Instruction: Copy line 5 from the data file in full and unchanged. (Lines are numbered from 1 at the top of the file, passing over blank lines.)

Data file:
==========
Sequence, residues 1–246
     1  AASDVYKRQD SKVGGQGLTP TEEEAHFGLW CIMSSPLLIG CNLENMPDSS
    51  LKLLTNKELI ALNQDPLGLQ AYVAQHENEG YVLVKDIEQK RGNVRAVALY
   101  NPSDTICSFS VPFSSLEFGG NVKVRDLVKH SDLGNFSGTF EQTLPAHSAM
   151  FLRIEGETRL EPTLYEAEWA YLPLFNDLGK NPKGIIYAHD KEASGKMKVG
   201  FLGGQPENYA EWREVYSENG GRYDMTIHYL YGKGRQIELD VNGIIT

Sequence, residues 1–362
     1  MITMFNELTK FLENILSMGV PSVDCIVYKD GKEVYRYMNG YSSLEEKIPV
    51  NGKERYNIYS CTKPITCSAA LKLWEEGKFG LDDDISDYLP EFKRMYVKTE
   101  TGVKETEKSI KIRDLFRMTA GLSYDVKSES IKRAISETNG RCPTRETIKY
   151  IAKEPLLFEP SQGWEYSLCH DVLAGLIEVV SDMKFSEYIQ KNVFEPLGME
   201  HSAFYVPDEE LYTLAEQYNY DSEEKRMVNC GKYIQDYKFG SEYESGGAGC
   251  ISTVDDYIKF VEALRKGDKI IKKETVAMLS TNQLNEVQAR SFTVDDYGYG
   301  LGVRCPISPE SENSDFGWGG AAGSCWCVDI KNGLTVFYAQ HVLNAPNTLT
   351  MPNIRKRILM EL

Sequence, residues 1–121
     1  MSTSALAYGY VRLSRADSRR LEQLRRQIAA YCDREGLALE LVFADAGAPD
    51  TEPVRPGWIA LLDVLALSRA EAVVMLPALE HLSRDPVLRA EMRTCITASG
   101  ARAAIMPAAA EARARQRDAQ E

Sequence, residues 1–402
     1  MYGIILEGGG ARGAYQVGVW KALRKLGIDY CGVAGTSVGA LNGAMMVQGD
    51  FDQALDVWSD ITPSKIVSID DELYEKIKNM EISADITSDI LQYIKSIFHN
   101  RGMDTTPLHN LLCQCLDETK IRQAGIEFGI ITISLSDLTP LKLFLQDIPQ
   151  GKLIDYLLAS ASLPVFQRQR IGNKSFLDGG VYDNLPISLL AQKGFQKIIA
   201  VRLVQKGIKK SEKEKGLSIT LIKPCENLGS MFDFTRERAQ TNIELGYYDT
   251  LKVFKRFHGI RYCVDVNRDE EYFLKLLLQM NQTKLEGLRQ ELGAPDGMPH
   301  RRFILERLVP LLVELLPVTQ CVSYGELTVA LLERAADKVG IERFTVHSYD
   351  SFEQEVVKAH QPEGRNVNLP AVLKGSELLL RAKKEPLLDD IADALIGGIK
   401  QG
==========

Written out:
   151  FLRIEGETRL EPTLYEAEWA YLPLFNDLGK NPKGIIYAHD KEASGKMKVG